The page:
A quick hands-on with the device Microsoft hopes will replace laptops, and bring more power to portable form factors
Naysayers will cite the Windows Phone debacle over the years and the past three iterations of the Surface as a reason to not take Microsoft seriously. But come on, we’re pretty sure you were impressed by the keynote announcement last month in which you saw not just the Surface Pro 4 but also a host of other devices including the Surface Pro 4, Surface Book, 950 XL and the HoloLens. Several pundits (us included) hailed it as a major comeback for a company that was struggling to stay relevant.
At today’s #FutureUnleashed event held in Mumbai, Microsoft CEO Satya Nadella, announced that the Surface Pro 4 will hit Indian shores in January next year. A little late but we’ll take it. At the same time, many of us were left wondering how good this “laptop replacement” device really is. Thankfully there was an experience zone at the event and we did get a few minutes of hands-on time with the device. Nearly not enough to get a full picture but surely enough to scratch the surface (wink, wink).
The device we found in the experience zone had its Type Cover keyboard flap closed. When we peeled it open we were greeted by a lock screen. After fetching the person who’s account was associated with that particular device we saw Microsoft Hello in action. The Surface Pro’s infrared blaster scanned the Microsoft rep’s iris and the device unlocked. Just out of curiosity we made her keep her eyes closed to see what happens. Yup, it didn’t work.
The Surface Pen is the first thing you notice when you take the device in your hands. It sits magnetically attached to one of the vertical edges and you immediately want to pull it out and try it on the screen. The thumb click at the top is also an eraser. Click it once and you can wirelessly open OneNote, click it twice and you can take a screenshot that you can annotate with the pen and long pressing the click evokes Cortana. There were some issues with either calibration, ambient noise or the Internet connection but Cortana refused to listen to our most earnest requests. Not a great loss because Cortana has failed Nadella too in the past.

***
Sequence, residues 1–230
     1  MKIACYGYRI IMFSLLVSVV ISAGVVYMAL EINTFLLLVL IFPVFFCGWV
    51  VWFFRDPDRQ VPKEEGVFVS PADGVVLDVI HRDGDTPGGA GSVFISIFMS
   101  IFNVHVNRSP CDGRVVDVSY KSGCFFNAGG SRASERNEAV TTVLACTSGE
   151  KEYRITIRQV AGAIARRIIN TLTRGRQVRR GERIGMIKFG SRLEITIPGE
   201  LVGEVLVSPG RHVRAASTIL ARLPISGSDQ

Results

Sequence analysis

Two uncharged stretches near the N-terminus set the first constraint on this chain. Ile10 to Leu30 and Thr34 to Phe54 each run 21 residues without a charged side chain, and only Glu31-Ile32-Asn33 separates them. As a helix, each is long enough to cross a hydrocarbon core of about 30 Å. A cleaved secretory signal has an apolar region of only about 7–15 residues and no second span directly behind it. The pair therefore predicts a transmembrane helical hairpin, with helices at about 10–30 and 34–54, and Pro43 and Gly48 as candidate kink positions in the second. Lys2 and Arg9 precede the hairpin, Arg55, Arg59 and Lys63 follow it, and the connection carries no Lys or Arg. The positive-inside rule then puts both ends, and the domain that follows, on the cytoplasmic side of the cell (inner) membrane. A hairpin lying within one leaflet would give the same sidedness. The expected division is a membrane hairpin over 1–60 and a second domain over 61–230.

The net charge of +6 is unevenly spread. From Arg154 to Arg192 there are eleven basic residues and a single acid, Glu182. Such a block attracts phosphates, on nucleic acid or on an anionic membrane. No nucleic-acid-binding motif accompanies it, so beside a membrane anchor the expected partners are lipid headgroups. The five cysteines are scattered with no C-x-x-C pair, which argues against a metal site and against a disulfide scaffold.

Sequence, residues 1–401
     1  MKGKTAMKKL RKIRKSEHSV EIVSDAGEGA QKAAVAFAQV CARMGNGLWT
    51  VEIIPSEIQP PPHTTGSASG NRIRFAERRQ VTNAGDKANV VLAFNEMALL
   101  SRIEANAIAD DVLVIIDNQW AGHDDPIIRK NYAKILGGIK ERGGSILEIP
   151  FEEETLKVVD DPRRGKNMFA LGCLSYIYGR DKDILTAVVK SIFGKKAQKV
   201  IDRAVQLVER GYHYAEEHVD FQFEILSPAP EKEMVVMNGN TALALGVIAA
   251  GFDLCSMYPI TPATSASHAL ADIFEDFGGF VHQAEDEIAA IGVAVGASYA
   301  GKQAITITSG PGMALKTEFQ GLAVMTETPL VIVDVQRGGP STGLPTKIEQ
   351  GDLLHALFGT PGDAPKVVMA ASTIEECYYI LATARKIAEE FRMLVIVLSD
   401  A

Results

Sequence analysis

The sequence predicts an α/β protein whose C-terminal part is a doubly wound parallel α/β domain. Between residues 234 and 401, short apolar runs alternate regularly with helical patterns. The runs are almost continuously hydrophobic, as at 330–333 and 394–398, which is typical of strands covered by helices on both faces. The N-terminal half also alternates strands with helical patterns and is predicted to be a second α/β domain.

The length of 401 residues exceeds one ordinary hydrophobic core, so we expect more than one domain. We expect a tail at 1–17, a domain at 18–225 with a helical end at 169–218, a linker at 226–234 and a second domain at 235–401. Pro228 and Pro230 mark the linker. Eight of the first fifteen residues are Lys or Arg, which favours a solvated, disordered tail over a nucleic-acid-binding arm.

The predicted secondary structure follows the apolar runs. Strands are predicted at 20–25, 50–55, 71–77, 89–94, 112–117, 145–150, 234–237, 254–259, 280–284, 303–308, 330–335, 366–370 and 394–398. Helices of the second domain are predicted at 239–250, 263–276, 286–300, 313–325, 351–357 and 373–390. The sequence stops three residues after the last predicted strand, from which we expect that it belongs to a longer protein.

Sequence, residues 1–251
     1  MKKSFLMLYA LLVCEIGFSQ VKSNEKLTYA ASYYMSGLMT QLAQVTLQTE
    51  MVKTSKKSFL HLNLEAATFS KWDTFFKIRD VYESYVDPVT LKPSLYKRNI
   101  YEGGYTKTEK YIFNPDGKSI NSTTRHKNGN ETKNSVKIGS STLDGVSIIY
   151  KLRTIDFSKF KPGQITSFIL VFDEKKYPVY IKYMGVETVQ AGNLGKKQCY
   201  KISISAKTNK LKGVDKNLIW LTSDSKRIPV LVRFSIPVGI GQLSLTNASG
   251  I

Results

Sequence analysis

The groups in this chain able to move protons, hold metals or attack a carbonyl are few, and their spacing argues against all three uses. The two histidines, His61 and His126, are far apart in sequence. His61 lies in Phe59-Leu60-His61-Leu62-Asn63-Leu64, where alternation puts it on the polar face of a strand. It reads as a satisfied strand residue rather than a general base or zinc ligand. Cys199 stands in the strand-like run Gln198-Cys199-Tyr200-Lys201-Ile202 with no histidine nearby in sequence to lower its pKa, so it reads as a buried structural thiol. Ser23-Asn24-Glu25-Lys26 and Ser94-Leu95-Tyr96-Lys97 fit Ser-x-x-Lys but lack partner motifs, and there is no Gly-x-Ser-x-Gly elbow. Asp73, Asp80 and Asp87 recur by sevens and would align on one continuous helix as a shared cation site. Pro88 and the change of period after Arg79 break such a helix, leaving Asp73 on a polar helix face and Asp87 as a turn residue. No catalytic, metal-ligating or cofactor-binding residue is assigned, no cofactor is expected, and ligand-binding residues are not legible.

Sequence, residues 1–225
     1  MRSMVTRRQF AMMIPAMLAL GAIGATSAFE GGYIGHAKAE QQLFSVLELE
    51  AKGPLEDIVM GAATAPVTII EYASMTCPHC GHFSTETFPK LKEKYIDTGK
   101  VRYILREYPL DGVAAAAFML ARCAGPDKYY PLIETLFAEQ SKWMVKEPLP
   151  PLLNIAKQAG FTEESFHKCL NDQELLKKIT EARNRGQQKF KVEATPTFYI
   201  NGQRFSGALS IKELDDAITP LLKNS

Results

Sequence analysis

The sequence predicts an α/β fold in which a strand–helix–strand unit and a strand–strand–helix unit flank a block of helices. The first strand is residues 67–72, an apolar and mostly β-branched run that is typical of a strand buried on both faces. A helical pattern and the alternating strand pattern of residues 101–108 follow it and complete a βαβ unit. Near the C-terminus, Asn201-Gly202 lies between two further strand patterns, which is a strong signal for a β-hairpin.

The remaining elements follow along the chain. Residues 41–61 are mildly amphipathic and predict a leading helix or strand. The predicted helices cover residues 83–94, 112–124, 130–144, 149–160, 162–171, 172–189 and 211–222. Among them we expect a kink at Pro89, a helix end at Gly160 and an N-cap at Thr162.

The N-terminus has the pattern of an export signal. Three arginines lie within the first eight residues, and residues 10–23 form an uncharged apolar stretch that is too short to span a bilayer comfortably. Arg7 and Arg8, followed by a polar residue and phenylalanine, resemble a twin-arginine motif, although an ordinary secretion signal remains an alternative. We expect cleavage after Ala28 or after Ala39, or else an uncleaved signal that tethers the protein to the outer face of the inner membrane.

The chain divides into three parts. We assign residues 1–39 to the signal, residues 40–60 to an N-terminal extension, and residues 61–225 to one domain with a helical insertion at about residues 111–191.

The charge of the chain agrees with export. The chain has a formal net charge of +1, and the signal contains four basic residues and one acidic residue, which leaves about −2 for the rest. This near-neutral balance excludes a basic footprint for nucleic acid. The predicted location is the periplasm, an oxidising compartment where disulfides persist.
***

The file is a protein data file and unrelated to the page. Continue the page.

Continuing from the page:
The way the Pen “feels” on the screen has been talked about quite often in other foreign videos we’ve seen as yet, and we concur. It runs quite nicely offering just the right amount of friction. Doesn’t feel like a real world pen but it’s not nails on glass either. The 1,024 levels of pressure sensitivity can be witnessed almost immediately – you press harder and the ink on the screen “flows” thicker.
If the Surface Pen is the first thing you notice, the first thing you really try out is the keyboard. The tactile feedback is pretty decent, thanks to the key travel that’s now been added. We don’t think anyone will complain about the chiclet layout because the keys are quite well spaced out now. The keyboard is also backlit and it draws a bit of power from the screen for enabling this. The only crib we have here is that the whole keyboard bends when typing a little vigorously. In short, your ALL CAPS RAGE fits will not be willingly supported.
The kickstand is fairly rigid and it holds fast at the angle you want it to. Using it on the desk comes naturally but for lap use it feels a bit clunky. When you break away the keyboard cover, the screen automatically switches to the tablet mode. Now, evaluating how well the device works as a tablet will require more time. The complexity of that discussion also lies in the kind of touch optimised apps the Windows ecosystem has to offer.
Incidentally, since we were talking about pulling apart the keyboard from the screen, we noticed that the magnets on the locking mechanism for the hinge work quite well. You don’t really have to look for the notches or take any special care to align them perfectly. They just click into place seamlessly – similar to what we experienced on the Acer Switch hybrid devices at IFA Berlin.
Build quality you ask? It feels like a sturdy device. The all magnesium body looks premium-ish, and feels quite nice to touch as well. What kind of hardware does it house? It’s powered by 6th Gen Intel Core m3, i5, or i7 CPUs and the RAM can scale from 4GB to 16GB depending on the option you choose. Packing all this in a package that weighs anywhere between 766 to 786 grams is quite something.
Bonus: The 950 XL was also being showcased at the event but unfortunately, it was a “prototype” device so we weren’t allowed to shoot pictures or videos. The demo was primarily intended to highlight the capabilities of Windows Continuum. When connected to the display dock, the phone was able to run full screen versions of apps like Excel and PowerPoint (even play 4K video) on a large display and while doing so, it was fully available for performing phone tasks like sending SMSes or viewing pictures etc. Quite interesting.
|Release Date:||17 Oct 2013|
Siddharth a.k.a. staticsid is a bigger geek than he'd like to admit. Sometimes even to himself.
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